Every day, about 8,000 baby-boomers celebrate their 65th birthday. That’s the traditional age for retirement, but the generation that lived through Woodstock, Watergate and 12% mortgage rates has a history of breaking the rules. Kiplinger outlines eight ways baby-boomers are reinventing retirement…
Let’s go through most of these eight ways Baby Boomers are reinventing retirement:
Kiplinger: More career second acts—about 70% of pre-retirees expect to do some work during their retirement years and more than half of those want to launch a new career. Nearly half say “stimulation and satisfaction” are the main reasons they want to work in retirement.
From my book © 2005, 2007: Contrary to popular myth, Baby Boomers do not believe that they are still teenagers or young adults. (Some probably do, but they need therapy.) Boomers are slyly redefining what it means to be the ages they are. Included in this new definition are some youthful attitudes - but the real change is that instead of winding down, many are winding up. We're not 'looking forward to retirement,' we're looking forward to new lives, new challenges. Only a small percentage will opt for pure retirement. (I predict that in twenty years the word 'retirement' will still be in dictionaries, but followed by the modifier archaic.)
Post from 2007: Time to Retire the 'R' Word
Kiplinger: Rising entrepreneurship—in 2011, individuals ages 55 to 64 accounted for nearly 21% of new entrepreneurs, up from 14.3% in 1996.
From my book: Advertising to Baby Boomers is also for anybody with a marketing or product idea yet to be realized or about to come to market. Venture capitalists take heed: the largest demographic of entrepreneurs are over forty, the largest consumer demographic the same.
Posts from 2003-2013: Entrepreneurs & Baby Boomers
Kiplinger: Helping family financially—despite worries about their own retirement security, boomers are writing checks for family members on both sides of the generational divide. About 52% are providing their children with financial support and 16% are helping their parents or in-laws.
If Wikipedia has a page about this, you know it’s old news: Sandwich Generation.
And there’s this: The Daughter Trap by Laurel Kennedy.
Kiplinger: A rise in volunteering—about one-third of adults age 55 and older volunteer their time for various causes. And volunteer organizations are eager to enlist boomers as they have more education than previous retirees and bring skills and life experiences that charities value.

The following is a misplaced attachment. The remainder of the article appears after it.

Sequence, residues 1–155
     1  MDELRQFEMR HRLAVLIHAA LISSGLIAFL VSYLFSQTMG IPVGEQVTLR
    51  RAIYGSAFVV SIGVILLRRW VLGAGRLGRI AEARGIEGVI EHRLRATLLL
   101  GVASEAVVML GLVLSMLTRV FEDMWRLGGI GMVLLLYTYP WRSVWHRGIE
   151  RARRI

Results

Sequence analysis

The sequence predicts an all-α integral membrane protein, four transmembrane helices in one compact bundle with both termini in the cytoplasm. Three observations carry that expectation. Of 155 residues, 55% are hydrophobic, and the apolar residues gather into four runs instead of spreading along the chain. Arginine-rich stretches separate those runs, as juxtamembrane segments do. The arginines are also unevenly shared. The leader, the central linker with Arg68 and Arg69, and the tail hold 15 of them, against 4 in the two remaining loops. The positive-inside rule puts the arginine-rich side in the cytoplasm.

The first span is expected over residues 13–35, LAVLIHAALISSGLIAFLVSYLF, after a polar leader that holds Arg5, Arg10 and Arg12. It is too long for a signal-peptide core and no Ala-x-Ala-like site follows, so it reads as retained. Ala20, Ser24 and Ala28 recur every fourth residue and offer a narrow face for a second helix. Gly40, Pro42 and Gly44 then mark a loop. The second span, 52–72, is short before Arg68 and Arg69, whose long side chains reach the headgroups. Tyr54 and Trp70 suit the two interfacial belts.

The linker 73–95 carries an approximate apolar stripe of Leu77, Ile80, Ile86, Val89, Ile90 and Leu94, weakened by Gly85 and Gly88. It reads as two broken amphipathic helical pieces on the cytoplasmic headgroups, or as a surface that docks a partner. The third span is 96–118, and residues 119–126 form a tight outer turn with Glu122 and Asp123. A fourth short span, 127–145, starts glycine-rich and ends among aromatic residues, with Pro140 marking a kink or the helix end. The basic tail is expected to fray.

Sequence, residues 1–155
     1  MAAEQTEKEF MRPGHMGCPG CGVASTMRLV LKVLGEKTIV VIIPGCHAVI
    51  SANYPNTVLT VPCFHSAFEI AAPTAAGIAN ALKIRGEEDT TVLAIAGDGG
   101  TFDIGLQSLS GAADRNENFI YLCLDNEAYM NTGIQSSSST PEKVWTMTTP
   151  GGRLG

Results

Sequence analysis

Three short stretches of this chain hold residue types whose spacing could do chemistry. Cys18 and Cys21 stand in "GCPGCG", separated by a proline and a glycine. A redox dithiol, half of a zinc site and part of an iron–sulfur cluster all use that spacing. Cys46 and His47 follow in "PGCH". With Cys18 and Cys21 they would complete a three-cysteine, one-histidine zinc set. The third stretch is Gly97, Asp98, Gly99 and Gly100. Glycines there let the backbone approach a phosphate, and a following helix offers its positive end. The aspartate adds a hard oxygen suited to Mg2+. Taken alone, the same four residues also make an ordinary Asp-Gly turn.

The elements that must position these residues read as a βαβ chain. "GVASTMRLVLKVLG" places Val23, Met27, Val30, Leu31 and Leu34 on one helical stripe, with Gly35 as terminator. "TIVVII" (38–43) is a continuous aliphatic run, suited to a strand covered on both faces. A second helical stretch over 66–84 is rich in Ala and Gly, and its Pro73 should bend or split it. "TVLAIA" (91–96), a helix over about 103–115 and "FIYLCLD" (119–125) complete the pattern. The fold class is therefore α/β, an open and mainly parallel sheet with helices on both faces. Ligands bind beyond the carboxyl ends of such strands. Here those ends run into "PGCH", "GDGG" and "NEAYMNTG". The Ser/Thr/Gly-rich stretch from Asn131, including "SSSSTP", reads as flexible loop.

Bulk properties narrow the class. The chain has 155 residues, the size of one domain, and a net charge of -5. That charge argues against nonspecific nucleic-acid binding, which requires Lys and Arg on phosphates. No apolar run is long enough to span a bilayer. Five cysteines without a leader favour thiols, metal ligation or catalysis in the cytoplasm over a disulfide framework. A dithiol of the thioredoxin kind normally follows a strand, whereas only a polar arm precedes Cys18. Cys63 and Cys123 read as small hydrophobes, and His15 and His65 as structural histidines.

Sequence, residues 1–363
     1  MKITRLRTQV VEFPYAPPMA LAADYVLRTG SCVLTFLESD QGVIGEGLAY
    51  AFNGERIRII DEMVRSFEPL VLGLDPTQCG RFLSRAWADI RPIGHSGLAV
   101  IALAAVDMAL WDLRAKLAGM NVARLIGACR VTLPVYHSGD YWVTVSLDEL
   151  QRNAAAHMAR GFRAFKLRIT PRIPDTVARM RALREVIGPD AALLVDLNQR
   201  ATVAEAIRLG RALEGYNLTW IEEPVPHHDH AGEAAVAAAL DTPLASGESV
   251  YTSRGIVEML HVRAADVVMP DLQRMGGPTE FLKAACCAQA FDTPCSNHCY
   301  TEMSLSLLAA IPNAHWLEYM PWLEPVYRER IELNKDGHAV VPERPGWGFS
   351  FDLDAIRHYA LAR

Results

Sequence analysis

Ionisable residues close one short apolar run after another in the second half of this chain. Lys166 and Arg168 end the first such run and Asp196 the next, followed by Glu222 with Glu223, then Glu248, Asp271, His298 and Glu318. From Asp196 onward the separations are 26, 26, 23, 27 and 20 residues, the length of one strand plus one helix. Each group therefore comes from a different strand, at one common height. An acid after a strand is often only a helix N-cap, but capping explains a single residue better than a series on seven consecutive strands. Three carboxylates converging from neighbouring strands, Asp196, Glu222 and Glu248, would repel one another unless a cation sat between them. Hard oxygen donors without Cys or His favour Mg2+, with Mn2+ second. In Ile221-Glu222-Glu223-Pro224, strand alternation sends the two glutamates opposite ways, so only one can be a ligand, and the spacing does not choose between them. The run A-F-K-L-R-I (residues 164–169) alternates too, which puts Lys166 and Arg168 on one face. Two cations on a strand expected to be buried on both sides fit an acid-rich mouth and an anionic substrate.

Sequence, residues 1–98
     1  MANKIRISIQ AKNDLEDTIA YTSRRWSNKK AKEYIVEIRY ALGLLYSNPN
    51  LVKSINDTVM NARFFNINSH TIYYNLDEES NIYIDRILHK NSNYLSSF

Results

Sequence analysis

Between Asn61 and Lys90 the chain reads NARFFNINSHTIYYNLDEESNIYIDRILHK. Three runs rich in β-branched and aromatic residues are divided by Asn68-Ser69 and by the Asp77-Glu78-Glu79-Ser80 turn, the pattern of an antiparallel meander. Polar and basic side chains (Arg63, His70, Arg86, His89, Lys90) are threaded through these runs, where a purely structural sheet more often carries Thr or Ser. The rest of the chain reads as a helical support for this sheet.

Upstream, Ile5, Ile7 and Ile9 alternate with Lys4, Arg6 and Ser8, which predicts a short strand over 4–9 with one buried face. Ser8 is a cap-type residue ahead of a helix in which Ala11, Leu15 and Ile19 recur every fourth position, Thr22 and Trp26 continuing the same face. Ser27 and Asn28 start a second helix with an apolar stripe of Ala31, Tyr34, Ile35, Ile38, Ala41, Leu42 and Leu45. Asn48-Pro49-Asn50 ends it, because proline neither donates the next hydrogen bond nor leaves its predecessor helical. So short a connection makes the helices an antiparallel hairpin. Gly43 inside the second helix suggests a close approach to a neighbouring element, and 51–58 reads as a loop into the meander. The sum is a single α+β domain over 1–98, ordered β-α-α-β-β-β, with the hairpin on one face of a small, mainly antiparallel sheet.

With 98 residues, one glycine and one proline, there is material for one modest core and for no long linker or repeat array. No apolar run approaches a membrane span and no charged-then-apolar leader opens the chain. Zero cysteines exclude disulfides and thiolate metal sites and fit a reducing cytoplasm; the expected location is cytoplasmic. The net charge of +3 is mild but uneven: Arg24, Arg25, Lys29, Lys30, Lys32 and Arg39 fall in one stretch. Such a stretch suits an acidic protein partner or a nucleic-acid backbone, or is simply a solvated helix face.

11 February 2008
Me vs. We
22 October 2009
Me vs. We Redux Redux
17 March 2011
The Crystal Ball of Common Sense Returns
Boomers volunteer at the highest rate of any generational group…About 33 percent of all boomers those born between 1946 and 1964 volunteer on a regular basis, the highest rate of any generational group and four percentage points above the national average of 28.8 percent…
Kiplinger: Numerous studies have shown that most boomers want to remain in their homes as long as possible, but often it’s not realistic to stay in a four-bedroom, two-car-garage home. One solution: cohousing, featuring condos clustered around a central courtyard or home improvements that make the house more age-appropriate.
Post from 2007: Neighborhood Design, Universal Design
Cohousing communities aren't cookie-cutter projects. Each is unique. Prospective residents are intimately involved in the planning, though they may rely on an architect and developer to handle the technical aspects of design and construction. Projects usually consist of 20 to 30 households … The latest twist to the nascent trend is cohousing exclusively for people 55 and older.
News article, 2008: Communes for grownups --Co-housing for Boomers a growing trend
And all of these: Aging In Place & Universal Design
Kiplinger: Going back to school—across the US, colleges and universities are designing programs for boomers who want to learn new skills…Community colleges are also reaching out to boomers who want to update their job skills.
Post from 2005: Baby Boomers, Adult Communities, and Education
More from the PR email:
… I look forward to your interest in speaking with a Kiplinger’s editor.